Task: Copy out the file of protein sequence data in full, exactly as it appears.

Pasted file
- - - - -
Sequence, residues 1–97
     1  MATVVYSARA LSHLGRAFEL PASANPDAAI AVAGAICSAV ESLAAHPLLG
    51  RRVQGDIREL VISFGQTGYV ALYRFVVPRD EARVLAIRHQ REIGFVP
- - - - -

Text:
Sequence, residues 1–97
     1  MATVVYSARA LSHLGRAFEL PASANPDAAI AVAGAICSAV ESLAAHPLLG
    51  RRVQGDIREL VISFGQTGYV ALYRFVVPRD EARVLAIRHQ REIGFVP